The concept of purity of principle is central to many of the world’s most influential ideologies. To individuals concerned with philosophical and aesthetic issues, preserving the purity of the doctrine is of utmost importance. Marxism is one example of such an ideology. Whenever historical facts challenge the dogma, proponents deny these elements are part of the story. Unfortunately, too often, preserving the doctrine in its unadulterated form becomes more important than the problems than the moral and ethical issues that need to be resolved. During my forty years as a musician, or recent career as a journalist, I have often committed myself to a concept or ideology.
Ayn Rand’s Objectivism has always made sense to me, and the thought of deviation from its primary ideas was not an option. Rand defined Objectivism as the concept of man as a heroic being, with his own happiness as the moral purpose of his life, productive achievement as his noblest activity, and reason as his only absolute.
I did a TEDx Talk https://youtu.be/SRQSqM1aljg on the meaning of education, in which I described myself as a modern-day Howard Roark that used music rather than architecture to make my mark on the universe. Like Roark and his architectural designs, I used to believe that my musical ideas, bass lines, and opinion pieces were my own and not open to interpretation or collaboration. Many years after I became the self-professed Howard Roark of the music business, I realized that whether it was my music or my journalism, the result was always far better when I let others I respected have input over my final product. I also realized that my talents were perhaps not as formidable as I thought they were. The record of human history is crystal clear: unwavering adherence to principles that often fall apart in the real world often results in tragedy, but notable exceptions exist. That exception is the bass career of Anthony Jackson.
When reflecting on Jackson’s career, it is most interesting that his artistry is steeped in the time-tested essential elements of music as we understand them in Western culture. His style is not derivative of any bassists that came before him. In the traditional sense, slapping, tapping, and harmonics are essential to many bassists, but Jackson is not concerned with these techniques. Jackson uses melody, harmony, rhythm, texture, structure/form, and expression (dynamics, tempo, and articulation ) as the foundation of his style. To be clear, other bassists also use these essential elements. Still, in my opinion, no one has been able to incorporate these elements while forging a personal style as successfully as Jackson has. Bass solos, usually a forum for the latest Instagram bass trends, is perhaps the area where Jackson has made his most notable contribution to the bass world. His solos are not rendered traditionally, emphasizing histrionics and grandstanding. They are complete musical compositions unto themselves. Having multiple instruments for specific situations is vital to many bass players. Jackson can fully express himself on only one instrument his Fodera Anthony Jackson Presentation II contrabass. This design extends the range of the standard electric bass guitar with two extra strings; a B tuned a fourth below, E and a C tuned a fourth above G.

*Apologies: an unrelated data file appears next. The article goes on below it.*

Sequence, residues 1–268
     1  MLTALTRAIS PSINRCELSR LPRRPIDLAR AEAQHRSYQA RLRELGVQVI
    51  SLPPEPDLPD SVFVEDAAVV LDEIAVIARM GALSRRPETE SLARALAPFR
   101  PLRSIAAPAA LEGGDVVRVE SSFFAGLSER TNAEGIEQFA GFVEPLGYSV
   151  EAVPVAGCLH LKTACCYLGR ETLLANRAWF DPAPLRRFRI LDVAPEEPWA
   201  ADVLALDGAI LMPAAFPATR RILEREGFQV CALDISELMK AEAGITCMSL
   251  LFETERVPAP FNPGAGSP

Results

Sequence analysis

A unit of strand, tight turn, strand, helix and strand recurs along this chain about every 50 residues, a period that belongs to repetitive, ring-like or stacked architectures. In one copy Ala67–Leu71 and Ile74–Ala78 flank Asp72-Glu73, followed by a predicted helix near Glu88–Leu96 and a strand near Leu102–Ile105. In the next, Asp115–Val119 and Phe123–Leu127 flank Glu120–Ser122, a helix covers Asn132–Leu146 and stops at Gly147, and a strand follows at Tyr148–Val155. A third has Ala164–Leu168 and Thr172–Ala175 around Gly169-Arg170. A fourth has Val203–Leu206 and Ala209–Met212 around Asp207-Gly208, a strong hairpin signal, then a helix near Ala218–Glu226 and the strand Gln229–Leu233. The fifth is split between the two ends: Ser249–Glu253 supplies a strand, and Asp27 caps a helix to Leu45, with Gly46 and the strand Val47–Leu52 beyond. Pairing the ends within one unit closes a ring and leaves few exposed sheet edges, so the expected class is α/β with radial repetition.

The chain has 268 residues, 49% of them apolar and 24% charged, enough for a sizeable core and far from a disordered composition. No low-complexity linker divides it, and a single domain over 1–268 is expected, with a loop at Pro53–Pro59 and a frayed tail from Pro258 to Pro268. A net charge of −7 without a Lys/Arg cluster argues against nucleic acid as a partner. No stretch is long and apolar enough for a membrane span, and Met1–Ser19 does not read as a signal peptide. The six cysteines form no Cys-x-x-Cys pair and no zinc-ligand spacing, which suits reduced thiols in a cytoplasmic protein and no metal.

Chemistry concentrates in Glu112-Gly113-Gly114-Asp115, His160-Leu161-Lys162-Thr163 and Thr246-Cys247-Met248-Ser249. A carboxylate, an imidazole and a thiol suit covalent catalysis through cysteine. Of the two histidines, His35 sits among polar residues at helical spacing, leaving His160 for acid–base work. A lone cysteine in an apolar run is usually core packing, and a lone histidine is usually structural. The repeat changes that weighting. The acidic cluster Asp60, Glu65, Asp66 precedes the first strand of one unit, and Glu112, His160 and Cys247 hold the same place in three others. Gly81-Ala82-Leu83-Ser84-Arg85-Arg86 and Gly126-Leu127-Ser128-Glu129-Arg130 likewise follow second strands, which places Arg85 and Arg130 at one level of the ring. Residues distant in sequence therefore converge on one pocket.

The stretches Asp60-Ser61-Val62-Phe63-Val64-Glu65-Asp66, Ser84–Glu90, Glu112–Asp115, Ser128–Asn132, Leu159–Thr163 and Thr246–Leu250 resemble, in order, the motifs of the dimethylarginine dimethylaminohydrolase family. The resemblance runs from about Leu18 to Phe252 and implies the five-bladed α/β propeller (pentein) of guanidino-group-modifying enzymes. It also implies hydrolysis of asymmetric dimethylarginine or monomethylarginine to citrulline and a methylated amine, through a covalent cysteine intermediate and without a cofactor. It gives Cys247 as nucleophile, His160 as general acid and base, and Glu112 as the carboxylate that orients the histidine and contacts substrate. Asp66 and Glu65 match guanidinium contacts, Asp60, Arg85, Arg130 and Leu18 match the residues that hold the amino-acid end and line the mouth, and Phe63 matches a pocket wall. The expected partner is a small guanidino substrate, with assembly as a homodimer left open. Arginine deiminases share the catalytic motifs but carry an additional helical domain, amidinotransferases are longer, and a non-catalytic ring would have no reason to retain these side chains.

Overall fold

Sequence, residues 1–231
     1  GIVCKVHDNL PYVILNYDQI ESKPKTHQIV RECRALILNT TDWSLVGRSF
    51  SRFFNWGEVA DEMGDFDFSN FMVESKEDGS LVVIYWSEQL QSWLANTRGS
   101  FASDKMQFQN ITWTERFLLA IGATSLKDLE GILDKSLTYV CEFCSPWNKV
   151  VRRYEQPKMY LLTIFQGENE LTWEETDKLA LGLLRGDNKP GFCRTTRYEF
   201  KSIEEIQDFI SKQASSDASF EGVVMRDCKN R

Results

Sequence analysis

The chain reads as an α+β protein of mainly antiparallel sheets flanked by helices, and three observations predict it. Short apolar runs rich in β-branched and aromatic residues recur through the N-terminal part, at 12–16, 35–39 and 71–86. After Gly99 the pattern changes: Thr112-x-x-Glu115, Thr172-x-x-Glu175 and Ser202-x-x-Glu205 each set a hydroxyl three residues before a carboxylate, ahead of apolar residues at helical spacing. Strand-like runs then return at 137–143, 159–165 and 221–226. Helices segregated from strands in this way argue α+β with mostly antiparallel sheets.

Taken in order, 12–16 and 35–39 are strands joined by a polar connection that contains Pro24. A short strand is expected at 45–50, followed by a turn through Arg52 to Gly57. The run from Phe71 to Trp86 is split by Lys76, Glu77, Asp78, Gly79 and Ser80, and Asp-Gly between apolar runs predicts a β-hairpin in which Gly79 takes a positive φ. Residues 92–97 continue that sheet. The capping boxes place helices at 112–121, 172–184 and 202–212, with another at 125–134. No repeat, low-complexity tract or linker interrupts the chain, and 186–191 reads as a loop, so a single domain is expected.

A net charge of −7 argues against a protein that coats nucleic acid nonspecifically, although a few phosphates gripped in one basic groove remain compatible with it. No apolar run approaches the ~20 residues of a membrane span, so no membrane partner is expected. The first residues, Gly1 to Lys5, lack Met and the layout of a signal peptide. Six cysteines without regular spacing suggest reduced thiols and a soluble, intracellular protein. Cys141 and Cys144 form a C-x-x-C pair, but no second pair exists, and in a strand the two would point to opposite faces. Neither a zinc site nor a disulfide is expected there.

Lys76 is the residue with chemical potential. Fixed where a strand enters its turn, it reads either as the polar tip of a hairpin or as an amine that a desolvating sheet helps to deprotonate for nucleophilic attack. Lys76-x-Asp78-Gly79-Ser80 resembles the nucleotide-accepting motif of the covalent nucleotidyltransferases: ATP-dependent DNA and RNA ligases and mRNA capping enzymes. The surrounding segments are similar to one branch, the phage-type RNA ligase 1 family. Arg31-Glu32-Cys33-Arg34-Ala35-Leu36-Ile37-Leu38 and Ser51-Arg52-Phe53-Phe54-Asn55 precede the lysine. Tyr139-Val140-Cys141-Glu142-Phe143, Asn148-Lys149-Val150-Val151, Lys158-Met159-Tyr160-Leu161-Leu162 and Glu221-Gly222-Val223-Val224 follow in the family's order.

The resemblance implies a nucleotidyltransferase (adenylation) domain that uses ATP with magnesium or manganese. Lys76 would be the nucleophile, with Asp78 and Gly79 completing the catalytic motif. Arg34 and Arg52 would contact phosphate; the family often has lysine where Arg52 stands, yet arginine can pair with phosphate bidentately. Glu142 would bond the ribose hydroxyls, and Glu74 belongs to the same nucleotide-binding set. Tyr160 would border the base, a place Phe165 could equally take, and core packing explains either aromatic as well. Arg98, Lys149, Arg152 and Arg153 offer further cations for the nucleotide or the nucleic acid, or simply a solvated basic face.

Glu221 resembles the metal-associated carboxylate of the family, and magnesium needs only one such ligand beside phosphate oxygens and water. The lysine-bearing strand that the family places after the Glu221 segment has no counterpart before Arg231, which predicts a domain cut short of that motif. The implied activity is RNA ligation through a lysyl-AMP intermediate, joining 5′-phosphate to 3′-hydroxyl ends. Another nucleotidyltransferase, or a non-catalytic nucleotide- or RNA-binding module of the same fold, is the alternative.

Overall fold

I rode to Tambour in Brooklyn this past Saturday to participate in Joey Lauricella’s birthday celebration. Joey is not only a bassist but also the co-owner of Fodera Guitars, the company that built Anthony’s contrabass. I had heard rumors that Mr. Jackson was unwell, so I wanted to be there as a show of support. When I arrived, the table I reserved was next to Mr. Jackson. I noted that he was about to have dinner and was probably more interested in devouring his cheeseburger and fries than in discussing the influence of Oliver Messiaen’s overall concept on his bass guitar style. I did not want to disturb him. I waited for an opportunity to tell him how much he has influenced me, not as much stylistically, but rather the standard of excellence he forces anyone who considers themselves a serious bass player to uphold.
That opportunity came when my friend Dave Fields, leading the band assembled for the occasion, introduced me to Mr. Jackson. I knew I had to keep it brief. Hoping not to sound like a fanboy, I simply told Anthony that I was confident that at least a thousand bass players had told him what his legacy meant to them. I told him that I wanted to be person one thousand and one. I asserted that those words would neither pay his bills nor mine, but I hope my sincere appreciation for his life-changing influence on me meant something to him. He smiled widely as he departed for the stage. When the music started, Anthony sounded as formidable as ever.
Anthony Jackson has forged a career by setting and not following trends. His journey led him from a standard four-string bass guitar to the contrabass. His determination to adhere to the principles he holds sacred without deviation has been integral to his success and mine. We need to learn from his example. More importantly, when someone profoundly influences the direction of your life, whether it is a teacher, a musician, or an ordinary person, we should take the time to let them know how much their influence has shaped our lives, no matter how mundane or trite you think the gesture might be. On the contrary, it is the type of exchange that makes life worth living.